Saga is also advising pet owners to please bring in their pets for vaccination or to bring in their dogs if they notice any symptoms of distemper virus. For more information you can contact Saga Humane Society at 226-3266.

San Pedro Sun


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#470060 - 08/12/13 04:00 PM Re: Distemper Virus (CDV) outbreak in San Mateo [Re: SP Daily]
Marty Offline
Mobile Clinic Tues. Aug. 12

Saga HS would like to announce a Mobile Clinic to San Mateo Tuesday August 12 to vaccinate another 100 dogs . During the Saga HS Mobile Clinic Tuesday August 6 to San Mateo, Saga HS vaccinated 51 the area dogs and distributed antibiotics to affected dogs. Many more dogs must be vaccinated to prevent the spread of CDV. Vaccines will be at no charge to low income residents or $10 for those who can afford to pay.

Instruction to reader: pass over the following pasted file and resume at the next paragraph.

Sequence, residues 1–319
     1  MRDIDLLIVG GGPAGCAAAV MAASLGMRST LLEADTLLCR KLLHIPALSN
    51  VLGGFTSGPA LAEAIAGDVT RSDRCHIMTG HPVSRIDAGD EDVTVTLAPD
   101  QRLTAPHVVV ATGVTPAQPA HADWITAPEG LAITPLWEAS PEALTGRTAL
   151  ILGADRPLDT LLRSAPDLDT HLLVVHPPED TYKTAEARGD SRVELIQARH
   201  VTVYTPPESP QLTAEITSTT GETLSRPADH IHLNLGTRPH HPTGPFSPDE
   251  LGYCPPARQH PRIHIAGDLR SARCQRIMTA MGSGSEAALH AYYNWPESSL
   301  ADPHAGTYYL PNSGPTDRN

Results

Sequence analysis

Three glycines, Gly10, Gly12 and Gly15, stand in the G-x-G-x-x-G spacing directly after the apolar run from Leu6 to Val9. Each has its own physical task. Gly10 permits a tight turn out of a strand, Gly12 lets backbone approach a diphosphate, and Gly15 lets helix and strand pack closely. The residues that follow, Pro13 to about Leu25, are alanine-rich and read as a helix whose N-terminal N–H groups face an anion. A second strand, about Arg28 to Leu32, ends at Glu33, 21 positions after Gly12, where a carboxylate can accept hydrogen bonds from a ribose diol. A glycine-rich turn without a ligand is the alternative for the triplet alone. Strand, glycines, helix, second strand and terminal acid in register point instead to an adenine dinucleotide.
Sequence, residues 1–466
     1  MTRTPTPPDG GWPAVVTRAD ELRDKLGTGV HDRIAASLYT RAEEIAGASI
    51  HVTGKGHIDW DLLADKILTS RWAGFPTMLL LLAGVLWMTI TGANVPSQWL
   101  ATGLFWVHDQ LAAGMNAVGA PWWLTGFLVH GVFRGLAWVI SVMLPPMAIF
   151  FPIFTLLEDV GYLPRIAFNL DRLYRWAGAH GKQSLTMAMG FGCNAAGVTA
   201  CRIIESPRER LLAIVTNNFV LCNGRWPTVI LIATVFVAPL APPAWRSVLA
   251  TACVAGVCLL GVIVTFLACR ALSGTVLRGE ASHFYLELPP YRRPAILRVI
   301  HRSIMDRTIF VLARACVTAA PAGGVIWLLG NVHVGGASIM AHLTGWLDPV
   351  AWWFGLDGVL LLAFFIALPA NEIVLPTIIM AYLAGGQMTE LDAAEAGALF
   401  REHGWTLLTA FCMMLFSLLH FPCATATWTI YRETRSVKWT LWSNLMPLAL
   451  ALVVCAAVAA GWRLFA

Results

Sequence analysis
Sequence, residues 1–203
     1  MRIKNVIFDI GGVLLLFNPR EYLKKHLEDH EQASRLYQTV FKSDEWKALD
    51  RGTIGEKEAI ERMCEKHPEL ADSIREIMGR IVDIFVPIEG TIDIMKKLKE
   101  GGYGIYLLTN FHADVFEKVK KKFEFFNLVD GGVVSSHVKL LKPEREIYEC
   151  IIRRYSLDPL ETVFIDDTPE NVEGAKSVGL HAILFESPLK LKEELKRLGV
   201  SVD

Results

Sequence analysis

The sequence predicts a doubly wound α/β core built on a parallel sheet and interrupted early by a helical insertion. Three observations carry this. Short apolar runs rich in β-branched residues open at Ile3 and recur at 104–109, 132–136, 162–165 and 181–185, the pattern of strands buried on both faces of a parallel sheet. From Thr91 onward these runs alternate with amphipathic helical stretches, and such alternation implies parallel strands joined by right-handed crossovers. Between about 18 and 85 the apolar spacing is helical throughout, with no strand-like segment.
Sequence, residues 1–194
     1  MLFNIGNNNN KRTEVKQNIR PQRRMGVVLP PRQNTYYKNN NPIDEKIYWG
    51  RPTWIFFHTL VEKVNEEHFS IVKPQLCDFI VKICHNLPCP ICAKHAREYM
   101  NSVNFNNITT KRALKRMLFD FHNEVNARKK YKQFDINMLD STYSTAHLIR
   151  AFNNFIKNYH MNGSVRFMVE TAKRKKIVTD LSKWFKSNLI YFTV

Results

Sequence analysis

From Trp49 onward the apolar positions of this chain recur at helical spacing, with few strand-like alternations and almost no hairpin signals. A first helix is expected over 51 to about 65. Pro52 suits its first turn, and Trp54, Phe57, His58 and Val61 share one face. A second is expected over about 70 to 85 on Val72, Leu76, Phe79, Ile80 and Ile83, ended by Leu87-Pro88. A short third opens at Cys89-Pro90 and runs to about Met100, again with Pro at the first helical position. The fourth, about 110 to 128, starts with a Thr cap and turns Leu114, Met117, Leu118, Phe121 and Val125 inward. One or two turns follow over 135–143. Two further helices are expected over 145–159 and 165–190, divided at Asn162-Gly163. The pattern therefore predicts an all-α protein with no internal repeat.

Please help us spread the word about this new Mobile Clinic.